CFS and fibromyalgia patients often experience several different kinds of problems getting good nutrition. First, because of energy limitations, lack of appetite or severity of symptoms, some people may not spend enough time to prepare and eat balanced meals. Eating well can provide energy and boost the immune system. Second, most patients experience an intolerance of alcohol and many are sensitive to caffeine and/or sweeteners. Cutting down or eliminating these substances may reduce symptoms and mood swings and also improve sleep. Lastly, about one third of CFS patients, and a comparable portion of fibromyalgia patients, experience sensitivities to various foods or have difficulty absorbing nutrients. The most effective strategy for controlling food allergies is an elimination diet, in which foods are taken out of the diet and then reintroduced one by one. For more ideas on getting good nutrition, see Chapter 12.
Many medications, including some anti-depressants and drugs prescribed for pain, create fatigue as a side effect. To combat this source of tiredness, ask your doctor about fatigue when reviewing medications. A change of medication or a lower dosage may help.
Strategies for Pain
Pain is usually the central symptom in fibromyalgia and is often a problem for CFS patients as well. Like fatigue, pain can have a variety of causes and is best managed with a variety of strategies, often involving both medications and self-management techniques.
For many CFS and fibromyalgia patients, pain relief through medications may be modest, achieved through the use of non-prescription products, such as aspirin and other over-the-counter pain relievers. Others find help through prescription medications such as Ultram (Tramadol) and, in some cases, narcotics. Prescription drugs that improve sleep can have a beneficial effect on pain as well. Anti-depressants, such as Elavil (Amitriptyline), Prozac and Paxil, are often tried. Some patients experience neuropathic or nerve pain, burning or electric shock sensations, felt most commonly in the hands and feet. This type of pain is often treated with anti-seizure medications, such as Neurontin.
Successful treatment of CFS and fibromyalgia is usually very individualized, depending on factors such as a person's symptom pattern and her response to different medications. Experimentation is usually required to find medications that are helpful. It is difficult to predict which treatment may be successful. Sometimes a medication will be effective for a time, and then lose effectiveness. Usually, patients are started on dosages that are a small fraction of normal dosage levels.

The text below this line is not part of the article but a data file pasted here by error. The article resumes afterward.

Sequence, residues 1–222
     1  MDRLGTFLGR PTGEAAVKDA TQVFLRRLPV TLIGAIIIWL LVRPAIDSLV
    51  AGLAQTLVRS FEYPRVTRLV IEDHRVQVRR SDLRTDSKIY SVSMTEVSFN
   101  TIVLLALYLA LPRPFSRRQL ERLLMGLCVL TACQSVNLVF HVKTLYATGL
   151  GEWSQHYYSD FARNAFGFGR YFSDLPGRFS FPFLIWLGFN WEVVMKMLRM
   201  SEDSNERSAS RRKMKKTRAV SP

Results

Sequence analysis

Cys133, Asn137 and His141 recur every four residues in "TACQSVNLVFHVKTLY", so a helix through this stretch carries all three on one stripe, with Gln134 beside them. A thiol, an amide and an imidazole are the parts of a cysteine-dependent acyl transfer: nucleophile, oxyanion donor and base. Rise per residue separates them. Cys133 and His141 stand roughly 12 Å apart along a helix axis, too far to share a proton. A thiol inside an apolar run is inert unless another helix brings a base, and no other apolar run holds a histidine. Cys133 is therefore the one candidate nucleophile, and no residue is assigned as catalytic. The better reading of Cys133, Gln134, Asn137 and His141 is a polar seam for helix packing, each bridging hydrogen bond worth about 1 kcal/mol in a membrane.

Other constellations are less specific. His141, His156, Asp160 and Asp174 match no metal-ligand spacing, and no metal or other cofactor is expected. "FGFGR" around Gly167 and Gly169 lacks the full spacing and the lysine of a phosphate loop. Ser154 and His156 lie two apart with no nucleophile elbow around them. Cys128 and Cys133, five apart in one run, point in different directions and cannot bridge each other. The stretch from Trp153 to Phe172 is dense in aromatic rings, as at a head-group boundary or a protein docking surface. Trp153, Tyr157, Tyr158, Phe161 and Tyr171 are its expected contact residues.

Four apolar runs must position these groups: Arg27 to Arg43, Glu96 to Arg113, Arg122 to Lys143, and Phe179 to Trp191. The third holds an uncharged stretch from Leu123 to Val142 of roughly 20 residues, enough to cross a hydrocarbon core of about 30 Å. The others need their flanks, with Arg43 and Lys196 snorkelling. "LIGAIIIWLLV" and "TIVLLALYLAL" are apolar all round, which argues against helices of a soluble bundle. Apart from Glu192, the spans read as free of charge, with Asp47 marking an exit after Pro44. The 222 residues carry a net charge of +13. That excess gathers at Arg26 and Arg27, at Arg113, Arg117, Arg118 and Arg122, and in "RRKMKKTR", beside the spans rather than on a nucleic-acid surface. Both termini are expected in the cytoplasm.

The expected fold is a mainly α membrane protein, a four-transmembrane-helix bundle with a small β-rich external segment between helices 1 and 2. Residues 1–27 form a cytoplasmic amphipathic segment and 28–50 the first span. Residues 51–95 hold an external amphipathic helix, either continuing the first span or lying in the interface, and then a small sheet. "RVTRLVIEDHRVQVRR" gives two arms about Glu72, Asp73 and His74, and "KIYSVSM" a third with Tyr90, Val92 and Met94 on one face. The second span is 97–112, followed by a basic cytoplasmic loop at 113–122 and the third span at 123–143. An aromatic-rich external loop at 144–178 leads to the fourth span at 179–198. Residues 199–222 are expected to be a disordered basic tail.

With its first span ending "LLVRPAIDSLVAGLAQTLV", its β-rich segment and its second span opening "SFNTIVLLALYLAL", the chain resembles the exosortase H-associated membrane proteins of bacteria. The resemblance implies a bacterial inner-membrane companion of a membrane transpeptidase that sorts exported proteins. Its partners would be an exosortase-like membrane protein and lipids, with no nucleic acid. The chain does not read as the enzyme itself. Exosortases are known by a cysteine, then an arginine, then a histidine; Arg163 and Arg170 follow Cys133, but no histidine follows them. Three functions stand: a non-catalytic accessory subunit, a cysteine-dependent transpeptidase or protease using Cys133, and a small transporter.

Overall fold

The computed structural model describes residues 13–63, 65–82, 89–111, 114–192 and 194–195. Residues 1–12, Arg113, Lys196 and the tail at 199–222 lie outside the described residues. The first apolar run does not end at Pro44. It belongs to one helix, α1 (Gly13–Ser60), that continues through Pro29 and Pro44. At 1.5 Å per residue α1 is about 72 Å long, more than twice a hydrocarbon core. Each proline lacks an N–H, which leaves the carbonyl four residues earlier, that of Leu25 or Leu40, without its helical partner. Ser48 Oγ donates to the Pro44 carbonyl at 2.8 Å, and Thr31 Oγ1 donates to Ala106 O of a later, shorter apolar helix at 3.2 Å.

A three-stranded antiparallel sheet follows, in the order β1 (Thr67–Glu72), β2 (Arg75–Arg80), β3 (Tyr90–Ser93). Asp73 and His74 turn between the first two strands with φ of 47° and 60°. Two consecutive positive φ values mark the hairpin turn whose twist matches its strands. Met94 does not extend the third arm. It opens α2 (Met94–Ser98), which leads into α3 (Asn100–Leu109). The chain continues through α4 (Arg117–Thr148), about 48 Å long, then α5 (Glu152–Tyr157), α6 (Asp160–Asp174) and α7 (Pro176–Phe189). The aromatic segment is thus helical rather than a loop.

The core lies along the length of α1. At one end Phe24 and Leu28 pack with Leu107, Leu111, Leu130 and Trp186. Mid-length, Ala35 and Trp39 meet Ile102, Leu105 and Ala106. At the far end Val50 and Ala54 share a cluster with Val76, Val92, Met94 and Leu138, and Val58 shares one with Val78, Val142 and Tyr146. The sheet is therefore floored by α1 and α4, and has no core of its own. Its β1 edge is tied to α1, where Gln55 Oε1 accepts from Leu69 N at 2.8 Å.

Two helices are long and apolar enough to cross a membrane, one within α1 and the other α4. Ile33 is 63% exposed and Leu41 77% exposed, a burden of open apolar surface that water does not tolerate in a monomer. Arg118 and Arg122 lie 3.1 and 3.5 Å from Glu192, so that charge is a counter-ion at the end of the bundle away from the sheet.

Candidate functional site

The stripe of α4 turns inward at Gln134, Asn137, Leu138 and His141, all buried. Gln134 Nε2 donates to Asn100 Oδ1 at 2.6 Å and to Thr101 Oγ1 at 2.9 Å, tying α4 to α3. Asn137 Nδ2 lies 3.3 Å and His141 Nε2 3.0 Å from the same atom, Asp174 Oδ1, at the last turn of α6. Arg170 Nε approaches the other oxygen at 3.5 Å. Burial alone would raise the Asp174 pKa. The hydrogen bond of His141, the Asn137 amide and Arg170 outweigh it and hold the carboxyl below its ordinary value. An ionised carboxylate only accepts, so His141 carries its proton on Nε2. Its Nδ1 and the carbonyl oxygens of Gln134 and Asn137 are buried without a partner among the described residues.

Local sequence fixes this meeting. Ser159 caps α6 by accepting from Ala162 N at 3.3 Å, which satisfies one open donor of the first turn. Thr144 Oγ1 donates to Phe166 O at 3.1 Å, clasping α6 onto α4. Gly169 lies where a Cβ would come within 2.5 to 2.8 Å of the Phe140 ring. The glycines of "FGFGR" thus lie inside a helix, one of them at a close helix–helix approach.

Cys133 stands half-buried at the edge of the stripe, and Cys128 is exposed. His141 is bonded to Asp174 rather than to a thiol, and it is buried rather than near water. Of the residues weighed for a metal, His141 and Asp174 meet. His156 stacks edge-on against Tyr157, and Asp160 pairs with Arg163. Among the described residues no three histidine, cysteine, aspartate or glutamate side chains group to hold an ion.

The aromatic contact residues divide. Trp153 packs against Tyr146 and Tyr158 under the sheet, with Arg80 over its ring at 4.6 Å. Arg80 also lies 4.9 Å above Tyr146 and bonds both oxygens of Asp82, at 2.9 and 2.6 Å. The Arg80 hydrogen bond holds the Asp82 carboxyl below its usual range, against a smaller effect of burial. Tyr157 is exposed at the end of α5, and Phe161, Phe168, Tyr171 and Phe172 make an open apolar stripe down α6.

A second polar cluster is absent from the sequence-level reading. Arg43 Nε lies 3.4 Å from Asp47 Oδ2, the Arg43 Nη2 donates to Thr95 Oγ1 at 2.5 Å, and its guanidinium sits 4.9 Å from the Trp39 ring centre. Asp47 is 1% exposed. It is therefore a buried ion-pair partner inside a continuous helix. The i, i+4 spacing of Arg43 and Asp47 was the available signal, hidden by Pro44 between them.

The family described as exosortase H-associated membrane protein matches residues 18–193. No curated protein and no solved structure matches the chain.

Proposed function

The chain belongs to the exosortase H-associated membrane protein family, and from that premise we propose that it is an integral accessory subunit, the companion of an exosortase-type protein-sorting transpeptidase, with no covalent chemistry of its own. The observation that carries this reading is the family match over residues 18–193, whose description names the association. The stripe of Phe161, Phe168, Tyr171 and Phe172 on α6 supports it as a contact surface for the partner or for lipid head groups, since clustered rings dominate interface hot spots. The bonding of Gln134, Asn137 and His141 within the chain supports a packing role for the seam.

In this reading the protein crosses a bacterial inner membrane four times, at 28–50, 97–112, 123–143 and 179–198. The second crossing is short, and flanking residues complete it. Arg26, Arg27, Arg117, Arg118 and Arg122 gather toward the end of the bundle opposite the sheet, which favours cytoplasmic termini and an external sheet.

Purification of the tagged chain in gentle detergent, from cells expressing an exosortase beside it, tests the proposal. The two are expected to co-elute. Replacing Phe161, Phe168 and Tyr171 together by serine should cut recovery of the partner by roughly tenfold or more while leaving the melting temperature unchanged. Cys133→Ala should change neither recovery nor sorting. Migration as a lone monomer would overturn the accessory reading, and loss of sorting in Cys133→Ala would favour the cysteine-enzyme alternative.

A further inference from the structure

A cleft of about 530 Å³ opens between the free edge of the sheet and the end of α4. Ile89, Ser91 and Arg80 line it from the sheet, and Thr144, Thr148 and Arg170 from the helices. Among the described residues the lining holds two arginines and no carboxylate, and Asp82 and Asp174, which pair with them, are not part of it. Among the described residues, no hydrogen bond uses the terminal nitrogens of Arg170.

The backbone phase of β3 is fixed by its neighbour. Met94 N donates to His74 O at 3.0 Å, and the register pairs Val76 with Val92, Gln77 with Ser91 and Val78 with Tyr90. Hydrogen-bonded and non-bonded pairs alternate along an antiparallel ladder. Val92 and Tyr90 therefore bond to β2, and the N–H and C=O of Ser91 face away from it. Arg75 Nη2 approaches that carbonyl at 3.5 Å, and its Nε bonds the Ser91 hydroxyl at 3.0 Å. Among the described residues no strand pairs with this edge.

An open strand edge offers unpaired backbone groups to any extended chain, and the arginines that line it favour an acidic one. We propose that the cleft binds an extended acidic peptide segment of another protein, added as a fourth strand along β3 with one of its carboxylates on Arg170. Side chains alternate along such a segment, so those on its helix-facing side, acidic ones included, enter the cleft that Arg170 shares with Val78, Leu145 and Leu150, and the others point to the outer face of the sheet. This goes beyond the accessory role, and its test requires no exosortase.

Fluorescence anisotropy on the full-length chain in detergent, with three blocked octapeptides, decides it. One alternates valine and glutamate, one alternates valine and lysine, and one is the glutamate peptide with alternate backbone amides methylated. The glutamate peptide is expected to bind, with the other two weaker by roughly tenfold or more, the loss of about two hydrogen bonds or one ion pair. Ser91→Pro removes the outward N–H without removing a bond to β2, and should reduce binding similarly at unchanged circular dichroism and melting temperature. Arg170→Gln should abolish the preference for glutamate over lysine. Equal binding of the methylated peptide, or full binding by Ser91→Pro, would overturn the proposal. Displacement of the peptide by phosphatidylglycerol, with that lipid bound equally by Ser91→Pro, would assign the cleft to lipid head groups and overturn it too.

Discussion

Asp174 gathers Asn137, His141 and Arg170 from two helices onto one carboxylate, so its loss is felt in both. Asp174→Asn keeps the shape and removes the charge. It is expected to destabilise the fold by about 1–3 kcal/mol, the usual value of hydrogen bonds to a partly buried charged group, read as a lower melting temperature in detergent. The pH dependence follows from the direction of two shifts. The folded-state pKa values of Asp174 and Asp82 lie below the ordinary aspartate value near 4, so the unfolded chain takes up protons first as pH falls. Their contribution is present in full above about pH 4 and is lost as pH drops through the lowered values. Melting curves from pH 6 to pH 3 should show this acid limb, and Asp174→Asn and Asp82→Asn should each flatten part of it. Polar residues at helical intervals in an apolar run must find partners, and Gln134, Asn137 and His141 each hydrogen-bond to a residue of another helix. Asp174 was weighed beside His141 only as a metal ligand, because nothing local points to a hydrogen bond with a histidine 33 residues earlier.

As with fatigue, pain is a reflection of the limits imposed by illness, so pacing is helpful. The key is to know your activity limits and to stay within them using techniques like short activity periods, task switching and rest breaks. Taking regular, scheduled rests can be particularly helpful. Such rest is one of the most popular strategies used by people in our program. People who use planned rest often take one or two rests a day, ranging in length from 10 minutes to half an hour. Whatever the length, the secret is to rest on a schedule, regardless of how you feel, rather than waiting for symptoms to intensify. For a detailed discussion of pacing, see Chapter 10.
With pain, just as with fatigue, it is usually helpful to explore interactions among the three major symptoms. For most people, fatigue deepens the perception of pain. When we feel tired, we experience pain more intensely, thus reducing fatigue lessens pain. Similarly, poor sleep intensifies pain, so improving sleep can help control pain.
Pain can have other causes as well, including the following:
- Too Much Activity: Ignoring the body's signals to stop, we often push beyond our limits. Being too active or not balancing activity with rest both worsen pain.
- Stress and Emotions: Stress deepens our perception of pain and also often leads to muscle tension, which causes pain. Muscle tension is also caused by emotions like worry, frustration and depression. Also, negative emotions often lead to preoccupation with symptoms, which increases the experience of pain.